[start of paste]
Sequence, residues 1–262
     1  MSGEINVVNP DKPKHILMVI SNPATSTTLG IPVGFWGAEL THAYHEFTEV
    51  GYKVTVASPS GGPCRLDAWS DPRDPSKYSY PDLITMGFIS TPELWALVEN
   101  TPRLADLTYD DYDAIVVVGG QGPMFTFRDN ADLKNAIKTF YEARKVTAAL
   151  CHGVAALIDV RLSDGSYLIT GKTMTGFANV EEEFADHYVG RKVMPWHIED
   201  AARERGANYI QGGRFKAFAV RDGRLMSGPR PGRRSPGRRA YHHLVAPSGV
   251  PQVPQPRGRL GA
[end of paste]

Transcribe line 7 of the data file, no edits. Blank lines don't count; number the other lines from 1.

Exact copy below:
   251  PQVPQPRGRL GA